Rolf Fehlbaum, Chairman of Vitra once acquired a vintage Antony chair designed by Jean Prouvé in the 1980s, which marks the beginning of the most extensive collection of furniture and objects by the designer, all housed in the Vitra design museum.
Apart from the Jean Prouvé designs in the Vitra design museum, Vitra made an agreement with the Prouvé family to set up the Prouvé furniture production. The collaboration started in 2000 and took place in close conversation with Catherine Prouvé, Jean Prouvé’s youngest daughter.
Over the past 20 years, Prouvé’s designs have become true icons far extending the borders of France that are timeless and exist beyond trends.
Jean Prouvé designs and the importance of color
Jean Prouvé designs are recognizable for their attention to detail, joints, proportions, overall construction, and the processing and execution of the materials themselves with the color being the final touch to the design.
According to Jean Prouvé, only the parts of the furniture that are in danger of corroding should be painted, to allow the nature of the material to shine. That’s why he left wooden and aluminum elements used in furniture production in an untreated state whenever possible.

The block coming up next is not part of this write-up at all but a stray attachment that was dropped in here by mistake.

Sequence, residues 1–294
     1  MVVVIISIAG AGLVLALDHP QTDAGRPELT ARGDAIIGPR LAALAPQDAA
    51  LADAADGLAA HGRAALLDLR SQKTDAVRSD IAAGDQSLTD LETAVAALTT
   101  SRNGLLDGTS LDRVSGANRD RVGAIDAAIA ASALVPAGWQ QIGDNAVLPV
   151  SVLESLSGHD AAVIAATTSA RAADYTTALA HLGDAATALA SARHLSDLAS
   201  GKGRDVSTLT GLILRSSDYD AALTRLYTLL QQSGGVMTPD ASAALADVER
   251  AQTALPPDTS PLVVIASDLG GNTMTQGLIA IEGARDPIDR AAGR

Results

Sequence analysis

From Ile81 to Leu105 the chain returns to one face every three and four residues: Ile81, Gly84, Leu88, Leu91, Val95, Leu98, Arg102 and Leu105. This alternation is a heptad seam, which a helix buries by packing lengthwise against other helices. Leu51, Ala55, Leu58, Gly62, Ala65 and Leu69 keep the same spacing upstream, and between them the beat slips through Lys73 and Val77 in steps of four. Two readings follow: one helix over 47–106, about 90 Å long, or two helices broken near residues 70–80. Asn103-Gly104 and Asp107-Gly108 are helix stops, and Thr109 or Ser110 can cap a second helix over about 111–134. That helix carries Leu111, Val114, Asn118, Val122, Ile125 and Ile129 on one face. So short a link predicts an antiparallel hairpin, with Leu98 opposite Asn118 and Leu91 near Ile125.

Jean Prouvé did develop a beautiful range of colors for his architecture because beyond the practical application of colors to protect from corrosion, he knew he could use colors to create a certain aura around his furniture designs.
Vitra is now expanding the original colors (deep black, Japanese red, and Blanc Colombe) with 4 new colors and an unpainted steel variant in which the Jean Prouvé designs can be produced.
Prouvé Bleu Marcoule
Marcoule bleu refers to an important client who ordered a great range of furniture from Ateliers Jean Prouvé and this blue used to be part of the corporate identity of Marcoule at the time. Below you can see the
Prouvé Bleu Dynastie
Dynasty blue is inspired by the cobalt oxide in the blue and white porcelain from Ming dynasty times. In the picture below, you can see the
Prouvé Blé Vert
Blé vert (or green wheat) refers to the fresh color of young green wheat just before it turns yellow and is ready to be harvested. Below you can see the
Prouvé Gris Vermeer
Vermeer grey refers to the famous Dutch artist Johannes Vermeer (Vermeer grey) who when taking a closer look at his paintings, used a lot of grey undertones from which Jean Prouvé took inspiration. Below you can see the